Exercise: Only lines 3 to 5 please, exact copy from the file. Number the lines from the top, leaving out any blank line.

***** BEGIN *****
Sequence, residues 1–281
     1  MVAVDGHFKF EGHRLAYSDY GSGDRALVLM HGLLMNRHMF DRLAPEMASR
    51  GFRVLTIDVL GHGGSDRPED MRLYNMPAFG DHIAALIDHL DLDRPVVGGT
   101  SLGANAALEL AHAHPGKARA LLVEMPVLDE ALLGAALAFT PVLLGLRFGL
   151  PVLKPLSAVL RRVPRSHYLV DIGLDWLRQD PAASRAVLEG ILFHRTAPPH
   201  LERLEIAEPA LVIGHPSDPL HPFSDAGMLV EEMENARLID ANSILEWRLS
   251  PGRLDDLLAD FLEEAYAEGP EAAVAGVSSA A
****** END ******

    51  GFRVLTIDVL GHGGSDRPED MRLYNMPAFG DHIAALIDHL DLDRPVVGGT
   101  SLGANAALEL AHAHPGKARA LLVEMPVLDE ALLGAALAFT PVLLGLRFGL
   151  PVLKPLSAVL RRVPRSHYLV DIGLDWLRQD PAASRAVLEG ILFHRTAPPH